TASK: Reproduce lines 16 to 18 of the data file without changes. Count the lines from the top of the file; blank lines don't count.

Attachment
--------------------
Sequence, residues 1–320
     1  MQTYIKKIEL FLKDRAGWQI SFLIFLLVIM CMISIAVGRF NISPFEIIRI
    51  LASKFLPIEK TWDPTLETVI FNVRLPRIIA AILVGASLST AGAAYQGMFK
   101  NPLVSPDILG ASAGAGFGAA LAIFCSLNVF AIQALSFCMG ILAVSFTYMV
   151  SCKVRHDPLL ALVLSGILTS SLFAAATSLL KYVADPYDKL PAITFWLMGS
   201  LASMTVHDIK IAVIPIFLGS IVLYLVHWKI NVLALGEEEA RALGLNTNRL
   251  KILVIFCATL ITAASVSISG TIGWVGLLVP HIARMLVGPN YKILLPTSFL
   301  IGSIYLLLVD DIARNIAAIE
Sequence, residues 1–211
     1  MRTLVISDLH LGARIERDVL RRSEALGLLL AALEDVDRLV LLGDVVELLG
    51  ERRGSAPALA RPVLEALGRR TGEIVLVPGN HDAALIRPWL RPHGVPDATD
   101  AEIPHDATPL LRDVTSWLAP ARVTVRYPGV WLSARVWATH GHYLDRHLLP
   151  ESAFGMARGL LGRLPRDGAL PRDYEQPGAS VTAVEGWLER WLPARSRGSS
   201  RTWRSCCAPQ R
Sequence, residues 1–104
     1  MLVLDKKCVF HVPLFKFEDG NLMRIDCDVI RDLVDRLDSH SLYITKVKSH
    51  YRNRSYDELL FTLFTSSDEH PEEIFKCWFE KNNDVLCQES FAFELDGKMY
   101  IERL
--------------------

     1  MLVLDKKCVF HVPLFKFEDG NLMRIDCDVI RDLVDRLDSH SLYITKVKSH
    51  YRNRSYDELL FTLFTSSDEH PEEIFKCWFE KNNDVLCQES FAFELDGKMY
   101  IERL